#REVIEW: “A KID LIKE JAKE” (2018 INSIDE OUT LGBT FILM FESTIVAL)
Review by George Kozera for Mr. Will Wong
In A KID LIKE JAKE, Claire Danes and Jim Parsons play married couple Alex and Greg Wheeler, living a comfortable life in picturesque Brooklyn with their 4-year-old son Jake who attends a pre-kindergarten class. Greg is a therapist and Alex has given up her law career to be a fulltime stay at home mom. They are both devoted to their precocious son who has a penchant to wearing frilly skirts and relating more to Disney princesses than G.I. Joe. Realizing that sending Jake to a private school is beyond their financial means, Judy (another feather in the cap of brilliant Octavia Spencer performances), the child development specialist at the pre-school, suggests they apply for monetary aid from the private schools and mention Jake’s gender-bending traits and personality as an added bonus for consideration.
The central theme of A KID LIKE JAKE is fascinating take on gender identity. Is Jake a transgender child or is he just curious about things that are usually not associated with young boys? Is he too young to be raised in a gender-specific way? Are parents/adults equipped to make judgement calls?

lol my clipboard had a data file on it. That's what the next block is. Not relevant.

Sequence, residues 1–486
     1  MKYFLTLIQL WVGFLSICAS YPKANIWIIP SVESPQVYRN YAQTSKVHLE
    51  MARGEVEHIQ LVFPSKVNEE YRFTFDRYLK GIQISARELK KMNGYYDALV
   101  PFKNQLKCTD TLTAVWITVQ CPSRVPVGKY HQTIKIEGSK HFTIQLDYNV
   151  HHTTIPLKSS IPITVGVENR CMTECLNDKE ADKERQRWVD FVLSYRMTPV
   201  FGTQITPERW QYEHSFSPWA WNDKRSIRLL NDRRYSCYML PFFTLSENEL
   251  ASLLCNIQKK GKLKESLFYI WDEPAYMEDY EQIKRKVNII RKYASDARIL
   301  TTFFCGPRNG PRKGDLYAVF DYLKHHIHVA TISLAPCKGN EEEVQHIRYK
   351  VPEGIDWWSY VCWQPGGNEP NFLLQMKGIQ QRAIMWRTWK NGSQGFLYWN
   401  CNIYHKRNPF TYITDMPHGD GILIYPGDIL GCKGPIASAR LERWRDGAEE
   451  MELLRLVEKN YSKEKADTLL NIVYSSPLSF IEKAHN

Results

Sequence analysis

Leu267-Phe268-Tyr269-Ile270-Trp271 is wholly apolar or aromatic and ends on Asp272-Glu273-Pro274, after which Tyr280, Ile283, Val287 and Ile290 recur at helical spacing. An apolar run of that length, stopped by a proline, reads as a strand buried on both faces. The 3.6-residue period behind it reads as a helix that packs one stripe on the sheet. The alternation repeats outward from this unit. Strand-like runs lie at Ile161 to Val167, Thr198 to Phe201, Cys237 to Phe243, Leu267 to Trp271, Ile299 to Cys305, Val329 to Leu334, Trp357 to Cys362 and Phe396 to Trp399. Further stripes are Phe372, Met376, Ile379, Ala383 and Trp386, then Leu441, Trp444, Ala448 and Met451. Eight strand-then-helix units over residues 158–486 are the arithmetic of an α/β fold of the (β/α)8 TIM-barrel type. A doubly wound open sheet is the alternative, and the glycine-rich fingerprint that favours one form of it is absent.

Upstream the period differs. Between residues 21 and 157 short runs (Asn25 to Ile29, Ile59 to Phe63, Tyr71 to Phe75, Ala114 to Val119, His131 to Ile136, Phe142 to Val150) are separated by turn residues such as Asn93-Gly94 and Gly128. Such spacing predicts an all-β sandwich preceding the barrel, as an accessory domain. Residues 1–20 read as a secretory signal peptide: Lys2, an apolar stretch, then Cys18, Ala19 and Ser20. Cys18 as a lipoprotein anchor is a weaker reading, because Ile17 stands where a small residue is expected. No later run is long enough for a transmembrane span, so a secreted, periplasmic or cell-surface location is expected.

The Movie tries to address these questions with earnest but tends to disintegrate with the shrillness of Alex‘s character. At first she is somewhat taken aback at the suggestion that her son may be “different”, but Alex winds-up becoming combative, first with Judy, then with her friends and ultimately blaming her husband for his compliance and non-action. It’s scene after scene of emotional turmoils. Thankfully, some levity and humour are interspersed throughout with Alex’s overbearing mother (Ann Dowd is a joy) and with Sandra, one of Greg’s patients, where Amy Landecker beautifully overwhelms the screen. However, these characters do nothing to enhance the plot – they are there for comic relief only from the seriousness of the movie.
A KID LIKE JAKE must be commended for tackling a subject matter than is foreign to many people. It doesn’t always succeed but it is admirable.